Product News Creates Sales Opportunities

It doesn’t matter how effective a sales person you are, the events that stimulate a prospective customers’ buying behavior are outside of your control. He or she may be expanding their operations and need new equipment, they may have just had a request for a quotation that requires your product, or perhaps their longstanding vendor has had a price increase or botched another delivery. The challenge, therefore, for all marketers is to get your company’s products in front of prospects when that external event arises.  That will give your salespeople the best opportunity to fulfill the prospect’s need.  If there’s no need you can’t make a sale!


So the question is: what is the best way to compete for mindshare and maintain a high level of product visibility so that your company gets the call or has the “door opened” for a current sales opportunity?  Unless you just happen to be making sales calls on the day when one of the above events takes place or your company has the budget for an extensive, ongoing in-print and online advertising campaign, it is difficult to compete for mindshare and maintain a high level of product visibility.  It can be done though.  I’ve been doing it for 35 years!


In fact, I recently met with a long-standing client who had been trying to get into a major manufacturing company for over 20 years with no success.  Recently though, as a result of one of our recent news releases about a product that interested the company, our client not only received a request-for-quote from that company, but it was for nearly $500,000 worth of product.  This is just one recent example.  I’ve introduced companies to foreign markets and created many lasting sales opportunities.  These stories are a great source of pride.


The best and most cost-effective way to get control over the events that create sales opportunities is by implementing a well-executed, ongoing product news release program which targets a wide range of publications and websites appropriate for your business.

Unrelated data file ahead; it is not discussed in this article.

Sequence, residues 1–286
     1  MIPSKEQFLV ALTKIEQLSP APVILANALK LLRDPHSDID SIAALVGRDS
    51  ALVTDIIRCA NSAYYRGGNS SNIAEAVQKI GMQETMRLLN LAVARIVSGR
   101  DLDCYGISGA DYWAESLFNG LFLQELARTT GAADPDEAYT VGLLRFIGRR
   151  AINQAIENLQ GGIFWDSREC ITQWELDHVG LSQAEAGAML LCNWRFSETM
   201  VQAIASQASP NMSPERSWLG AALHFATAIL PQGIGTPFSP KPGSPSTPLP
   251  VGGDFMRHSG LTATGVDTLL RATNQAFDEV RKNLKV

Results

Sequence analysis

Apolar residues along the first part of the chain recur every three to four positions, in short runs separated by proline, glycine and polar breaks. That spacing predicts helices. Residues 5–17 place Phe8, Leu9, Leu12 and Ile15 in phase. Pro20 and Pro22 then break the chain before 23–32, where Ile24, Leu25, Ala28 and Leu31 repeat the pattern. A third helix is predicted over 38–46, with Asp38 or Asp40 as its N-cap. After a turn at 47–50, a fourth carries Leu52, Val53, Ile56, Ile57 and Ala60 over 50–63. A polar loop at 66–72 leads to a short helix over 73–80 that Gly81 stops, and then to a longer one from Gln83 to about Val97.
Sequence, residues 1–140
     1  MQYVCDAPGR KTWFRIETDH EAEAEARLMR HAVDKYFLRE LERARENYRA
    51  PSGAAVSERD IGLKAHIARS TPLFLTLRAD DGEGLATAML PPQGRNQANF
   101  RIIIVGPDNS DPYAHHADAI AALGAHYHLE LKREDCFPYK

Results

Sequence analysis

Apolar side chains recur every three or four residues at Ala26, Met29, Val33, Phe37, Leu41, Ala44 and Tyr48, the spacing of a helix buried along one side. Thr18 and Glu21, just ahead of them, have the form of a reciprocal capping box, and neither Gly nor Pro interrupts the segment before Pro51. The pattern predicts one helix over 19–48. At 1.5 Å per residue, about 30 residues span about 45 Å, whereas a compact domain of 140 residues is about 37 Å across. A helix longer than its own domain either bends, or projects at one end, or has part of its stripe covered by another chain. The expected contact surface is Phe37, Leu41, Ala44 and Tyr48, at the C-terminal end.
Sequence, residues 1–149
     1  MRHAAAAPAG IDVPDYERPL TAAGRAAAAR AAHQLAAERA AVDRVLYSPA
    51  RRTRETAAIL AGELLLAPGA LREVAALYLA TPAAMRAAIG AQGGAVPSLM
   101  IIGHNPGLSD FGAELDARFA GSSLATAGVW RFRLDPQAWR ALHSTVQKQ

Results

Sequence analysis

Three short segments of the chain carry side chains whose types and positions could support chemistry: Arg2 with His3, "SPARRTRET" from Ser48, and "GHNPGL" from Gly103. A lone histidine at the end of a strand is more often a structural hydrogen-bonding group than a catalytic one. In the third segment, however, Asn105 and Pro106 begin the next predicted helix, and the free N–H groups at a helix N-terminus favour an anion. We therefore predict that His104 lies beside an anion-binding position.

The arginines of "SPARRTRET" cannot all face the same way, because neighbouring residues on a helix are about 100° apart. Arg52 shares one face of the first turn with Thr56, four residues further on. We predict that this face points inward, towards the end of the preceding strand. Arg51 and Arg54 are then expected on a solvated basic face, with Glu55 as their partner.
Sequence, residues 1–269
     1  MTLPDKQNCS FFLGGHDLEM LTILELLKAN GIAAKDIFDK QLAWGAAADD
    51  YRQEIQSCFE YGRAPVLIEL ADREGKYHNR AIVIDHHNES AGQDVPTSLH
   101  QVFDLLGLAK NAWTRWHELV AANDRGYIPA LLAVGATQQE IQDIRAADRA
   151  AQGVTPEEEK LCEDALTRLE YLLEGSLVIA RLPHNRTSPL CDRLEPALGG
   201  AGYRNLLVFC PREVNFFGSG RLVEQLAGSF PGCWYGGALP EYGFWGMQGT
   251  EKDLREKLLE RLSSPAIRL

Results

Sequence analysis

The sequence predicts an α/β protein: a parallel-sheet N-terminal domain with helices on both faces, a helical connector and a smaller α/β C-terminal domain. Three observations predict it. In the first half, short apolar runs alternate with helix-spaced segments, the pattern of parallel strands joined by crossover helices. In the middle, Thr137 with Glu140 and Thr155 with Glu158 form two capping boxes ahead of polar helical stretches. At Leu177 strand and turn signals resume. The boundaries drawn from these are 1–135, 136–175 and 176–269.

Here’s the key to marketing success, especially for small companies. You can’t control the events that create sales opportunities, but you can keep your products and company in the forefront through widespread product news coverage.  So, when a prospect’s need arises, you’re company’s products and capabilities will be in front of them.  Similar to the real estate business, where the three most important factors are location, location, and location, the three most important factors in industrial marketing are repetition, repetition, and repetition.


Repetition increases the odds your products and company will be in front of a prospect when his or her need arises. It also assures you that when a prospective customer’s level of interest piques to take action and buy, your product will be fresh on his or her mind.  It will be fresh on their mind as a result of widespread exposure in quality publications and websites and all over page one of Google searches too because of link-popularity.


Even though you have no control over when an event might occur which will create the need for your product or sales opportunity, you can control your ability to keep your products in front of prospective customers so they will be seen when the time is right. Increase your odds of success by implementing a consistent and well-conceived product publicity campaign.


(C) 2012  Steven M. Stroum  [all rights reserved]

Steve Stroum

Steve Stroum

Steven M. Stroum, founder and president of Venmark International is a seasoned publicist, marketer, and entrepreneur who has been featured in INC Magazine, Sales & Marketing Management Magazine, Industrial Marketing, OMNI Magazine, USA Today, The Christian Science Monitor, Boston Globe, Boston Herald, The Middlesex News, San Francisco Chronicle, and other media outlets. He has also appeared on numerous radio and television programs, addressed many business and civic groups, and been a guest lecturer at Boston College, Babson College, MIT, and his alma mater Northeastern University.

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